William Kamkwamba was born in Malawi, his life was one of magic and superstition. His father was a farmer that grew tobacco and corn. They had no electricity or running water. Then one year the crops failed and the country suffered famine, followed by disease.
The back of the book talks about the windmill William built using odds and ends from his father’s farm and the local scrapyard, a windmill that brought electricity to power lights and a radio, eventually a water pump. A windmill that brought hope, but there is much more to this memoir then that. We learn about his early life, the hardship and superstition that affected his life, his curiosity to find out how things worked. When his family could no longer afford to send him to school he started a course of independent study which led to him building the windmill.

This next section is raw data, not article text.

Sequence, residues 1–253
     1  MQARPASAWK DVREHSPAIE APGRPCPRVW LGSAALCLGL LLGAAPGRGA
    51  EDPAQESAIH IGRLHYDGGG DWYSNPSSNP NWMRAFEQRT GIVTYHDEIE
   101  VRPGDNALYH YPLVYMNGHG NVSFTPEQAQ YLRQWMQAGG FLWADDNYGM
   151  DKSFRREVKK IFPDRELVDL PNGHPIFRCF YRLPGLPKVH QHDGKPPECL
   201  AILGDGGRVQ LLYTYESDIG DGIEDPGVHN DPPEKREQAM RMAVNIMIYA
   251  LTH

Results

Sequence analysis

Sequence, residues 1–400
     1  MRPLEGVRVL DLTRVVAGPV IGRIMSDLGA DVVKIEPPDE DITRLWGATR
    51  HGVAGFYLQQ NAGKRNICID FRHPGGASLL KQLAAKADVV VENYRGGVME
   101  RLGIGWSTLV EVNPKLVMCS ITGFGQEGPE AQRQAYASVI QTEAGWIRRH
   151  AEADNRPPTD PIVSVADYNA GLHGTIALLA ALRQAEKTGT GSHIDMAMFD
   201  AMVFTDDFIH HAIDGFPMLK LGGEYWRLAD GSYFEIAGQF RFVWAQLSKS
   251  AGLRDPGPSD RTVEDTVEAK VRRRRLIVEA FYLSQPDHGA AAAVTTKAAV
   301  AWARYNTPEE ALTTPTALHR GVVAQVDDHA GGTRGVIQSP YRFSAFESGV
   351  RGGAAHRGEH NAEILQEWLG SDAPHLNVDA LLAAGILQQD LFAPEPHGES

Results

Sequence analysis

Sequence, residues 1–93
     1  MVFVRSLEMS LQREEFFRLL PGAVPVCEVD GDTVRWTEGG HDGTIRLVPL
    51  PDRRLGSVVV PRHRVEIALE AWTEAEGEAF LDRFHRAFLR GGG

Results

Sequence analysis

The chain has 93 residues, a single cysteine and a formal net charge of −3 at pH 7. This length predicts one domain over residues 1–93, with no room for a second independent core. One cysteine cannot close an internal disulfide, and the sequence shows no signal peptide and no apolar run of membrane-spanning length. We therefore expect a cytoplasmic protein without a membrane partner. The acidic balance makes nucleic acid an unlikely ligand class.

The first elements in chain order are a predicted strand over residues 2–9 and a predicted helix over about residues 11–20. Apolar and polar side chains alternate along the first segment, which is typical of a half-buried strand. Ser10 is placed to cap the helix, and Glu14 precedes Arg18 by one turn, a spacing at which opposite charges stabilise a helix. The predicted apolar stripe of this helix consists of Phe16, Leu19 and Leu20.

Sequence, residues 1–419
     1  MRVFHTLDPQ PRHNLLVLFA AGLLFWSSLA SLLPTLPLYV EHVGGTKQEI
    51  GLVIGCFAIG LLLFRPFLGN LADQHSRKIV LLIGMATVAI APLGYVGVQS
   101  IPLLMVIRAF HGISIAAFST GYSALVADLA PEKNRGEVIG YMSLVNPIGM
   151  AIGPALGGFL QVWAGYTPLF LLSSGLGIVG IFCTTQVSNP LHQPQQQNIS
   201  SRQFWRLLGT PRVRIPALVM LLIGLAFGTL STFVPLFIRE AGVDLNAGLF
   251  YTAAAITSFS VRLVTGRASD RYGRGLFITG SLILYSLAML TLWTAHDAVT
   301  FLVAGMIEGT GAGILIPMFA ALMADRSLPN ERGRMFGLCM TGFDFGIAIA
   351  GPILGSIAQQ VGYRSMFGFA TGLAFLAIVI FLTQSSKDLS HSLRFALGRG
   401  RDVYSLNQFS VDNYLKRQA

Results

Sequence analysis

He also explains many of the customs and beliefs of his county, giving you a look into another culture.
This is a very fascinating book, written in a very relaxed manner that is enjoyable to read. I originally gave it 3 stars, then as I thought about what I wanted to put in this review, I decided that it is a better book then that and so it now has four stars.
I recommend this book.
with the name of the book in the subject line and your name and mailing address in the body of the e-mail. The first person who e-mails will receive my copy of this book. It is an Advance Reader’s Edition, and the cover has some minor damage. Other then that it is in excellent condition and is a trade paperback.
The book has been claimed by a reader in Malaysia. Congratulations! Yes I have readers all over the world. It still boggles my mind.